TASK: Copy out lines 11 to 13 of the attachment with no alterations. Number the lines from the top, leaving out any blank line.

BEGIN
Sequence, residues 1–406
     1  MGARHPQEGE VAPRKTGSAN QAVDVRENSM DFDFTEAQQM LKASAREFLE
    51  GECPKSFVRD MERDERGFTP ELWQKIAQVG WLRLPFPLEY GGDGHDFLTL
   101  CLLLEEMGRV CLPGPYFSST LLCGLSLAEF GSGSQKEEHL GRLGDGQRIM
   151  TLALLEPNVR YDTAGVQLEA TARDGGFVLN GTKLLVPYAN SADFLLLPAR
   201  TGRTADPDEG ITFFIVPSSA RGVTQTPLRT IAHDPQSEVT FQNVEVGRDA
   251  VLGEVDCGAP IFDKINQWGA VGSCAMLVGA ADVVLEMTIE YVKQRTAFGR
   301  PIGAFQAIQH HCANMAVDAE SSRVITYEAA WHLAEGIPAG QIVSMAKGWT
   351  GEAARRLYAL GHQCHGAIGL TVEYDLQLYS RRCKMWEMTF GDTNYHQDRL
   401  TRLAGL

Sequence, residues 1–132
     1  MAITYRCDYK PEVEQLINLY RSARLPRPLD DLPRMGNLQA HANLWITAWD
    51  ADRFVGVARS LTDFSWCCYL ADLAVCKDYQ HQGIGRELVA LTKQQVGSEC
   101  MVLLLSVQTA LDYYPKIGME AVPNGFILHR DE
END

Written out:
Sequence, residues 1–132
     1  MAITYRCDYK PEVEQLINLY RSARLPRPLD DLPRMGNLQA HANLWITAWD
    51  ADRFVGVARS LTDFSWCCYL ADLAVCKDYQ HQGIGRELVA LTKQQVGSEC